Conservative groups are equally confident that Obama, freed from the fear of losing his reelection bid, would deliver on far-reaching left-wing dreams. GOP candidate Mitt Romney forecasts a runaway spending spree. Newt Gingrich envisions a “war” on the Catholic Church. The National Rifle Association predicts a crackdown on gun owners.
The funny thing about all this is: Obama himself hasn’t said he’ll do any of it.
In his speeches — over the first few months of his reelection campaign — the president has only sketched out a vague agenda for his next term. He wants to fix the immigration system. Put his health-care law into practice. Rebuild infrastructure. Revive manufacturing.
“And,” he told an audience in San Francisco, in what might be called a flourish of the obvious, “we’re going to have to figure out how to pay for all this stuff.”
This disconnect highlights one of the most unusual factors in an unusual campaign: Even after three years in office, Obama remains a political Rorschach test. His friends still project their brightest hopes on him. His enemies still project their deepest nightmares.
Both are still convinced they haven’t seen the real Obama yet — or the real Obama agenda.
And so, paradoxically, they believe the most important ideas of Obama’s reelection campaign are the ones he’s not talking about.
“All that first-term lip service to gun owners is part of a massive Obama conspiracy to deceive voters,” NRA chief executive Wayne LaPierre said during the Conservative Political Action Conference. “And hide his true intentions to destroy the Second Amendment during his second term!” His evidence was Obama’s past views on gun control, and his appointment of two Supreme Court justices the NRA considers hostile.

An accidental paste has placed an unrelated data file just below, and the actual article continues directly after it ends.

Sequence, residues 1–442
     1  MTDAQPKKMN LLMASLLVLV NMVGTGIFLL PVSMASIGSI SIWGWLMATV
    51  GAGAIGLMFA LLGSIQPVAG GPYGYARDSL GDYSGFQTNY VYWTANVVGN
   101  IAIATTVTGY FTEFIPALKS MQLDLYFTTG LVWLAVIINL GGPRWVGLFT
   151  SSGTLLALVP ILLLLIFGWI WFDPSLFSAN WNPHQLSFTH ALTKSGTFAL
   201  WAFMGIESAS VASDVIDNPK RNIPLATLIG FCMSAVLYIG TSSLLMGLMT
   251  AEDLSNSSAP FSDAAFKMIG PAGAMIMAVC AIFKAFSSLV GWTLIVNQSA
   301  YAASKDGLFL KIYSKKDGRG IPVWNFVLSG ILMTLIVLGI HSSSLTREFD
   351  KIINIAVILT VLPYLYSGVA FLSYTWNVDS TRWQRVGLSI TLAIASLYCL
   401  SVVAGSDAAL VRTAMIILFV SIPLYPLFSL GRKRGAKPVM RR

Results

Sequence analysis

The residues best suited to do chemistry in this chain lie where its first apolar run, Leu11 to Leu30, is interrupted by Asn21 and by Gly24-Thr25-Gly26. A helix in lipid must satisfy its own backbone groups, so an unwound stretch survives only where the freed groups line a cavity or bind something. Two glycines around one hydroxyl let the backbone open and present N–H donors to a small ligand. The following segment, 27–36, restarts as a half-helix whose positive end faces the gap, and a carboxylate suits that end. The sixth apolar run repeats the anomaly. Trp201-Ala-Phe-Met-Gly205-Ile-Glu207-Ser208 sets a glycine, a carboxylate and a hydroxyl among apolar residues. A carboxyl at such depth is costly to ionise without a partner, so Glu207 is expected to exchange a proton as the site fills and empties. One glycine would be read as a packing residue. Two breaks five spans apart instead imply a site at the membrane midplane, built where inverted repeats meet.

The speculation about a yet-unseen Obama agenda reflects an unusual commonality between left and right in a polarized election year. It also points to a strategy each side will use this year — trying to marshal excitement among core supporters by tapping into deep pools of worry or hope about Obama.
Obama’s own campaign says there’s nothing hidden here. They say the president has already laid out much of his vision for a second term.
“There shouldn’t be any mystery around the president’s agenda, whether it’s today or three years from now,” said Obama campaign spokesman Ben LaBolt. He said Obama “has outlined a vision for an economy that’s built to last, one where hard work pays, responsibility is rewarded and everyone plays by the same set of rules.”
For details, aides point to Obama’s State of the Union address this year and his budget proposal. These called for transforming the tax code to add taxes on the rich — the “Buffett Rule.” Obama also proposed making a college education more attainable and boosting American manufacturing.